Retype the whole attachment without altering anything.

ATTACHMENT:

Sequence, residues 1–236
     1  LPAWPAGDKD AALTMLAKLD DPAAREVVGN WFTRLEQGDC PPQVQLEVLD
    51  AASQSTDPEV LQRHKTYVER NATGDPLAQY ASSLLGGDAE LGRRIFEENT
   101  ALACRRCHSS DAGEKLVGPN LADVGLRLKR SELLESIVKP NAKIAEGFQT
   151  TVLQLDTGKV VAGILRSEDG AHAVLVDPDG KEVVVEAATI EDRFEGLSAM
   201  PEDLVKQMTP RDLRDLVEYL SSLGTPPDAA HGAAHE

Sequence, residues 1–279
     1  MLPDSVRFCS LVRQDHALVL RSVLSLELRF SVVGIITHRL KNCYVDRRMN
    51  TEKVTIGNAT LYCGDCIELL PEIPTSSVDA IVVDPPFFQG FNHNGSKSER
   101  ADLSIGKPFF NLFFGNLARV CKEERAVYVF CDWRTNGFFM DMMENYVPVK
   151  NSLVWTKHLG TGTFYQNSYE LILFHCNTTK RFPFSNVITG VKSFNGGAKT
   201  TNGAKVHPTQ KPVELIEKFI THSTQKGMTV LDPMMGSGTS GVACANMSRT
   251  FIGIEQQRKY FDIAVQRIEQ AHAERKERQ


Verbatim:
Sequence, residues 1–236
     1  LPAWPAGDKD AALTMLAKLD DPAAREVVGN WFTRLEQGDC PPQVQLEVLD
    51  AASQSTDPEV LQRHKTYVER NATGDPLAQY ASSLLGGDAE LGRRIFEENT
   101  ALACRRCHSS DAGEKLVGPN LADVGLRLKR SELLESIVKP NAKIAEGFQT
   151  TVLQLDTGKV VAGILRSEDG AHAVLVDPDG KEVVVEAATI EDRFEGLSAM
   201  PEDLVKQMTP RDLRDLVEYL SSLGTPPDAA HGAAHE

Sequence, residues 1–279
     1  MLPDSVRFCS LVRQDHALVL RSVLSLELRF SVVGIITHRL KNCYVDRRMN
    51  TEKVTIGNAT LYCGDCIELL PEIPTSSVDA IVVDPPFFQG FNHNGSKSER
   101  ADLSIGKPFF NLFFGNLARV CKEERAVYVF CDWRTNGFFM DMMENYVPVK
   151  NSLVWTKHLG TGTFYQNSYE LILFHCNTTK RFPFSNVITG VKSFNGGAKT
   201  TNGAKVHPTQ KPVELIEKFI THSTQKGMTV LDPMMGSGTS GVACANMSRT
   251  FIGIEQQRKY FDIAVQRIEQ AHAERKERQ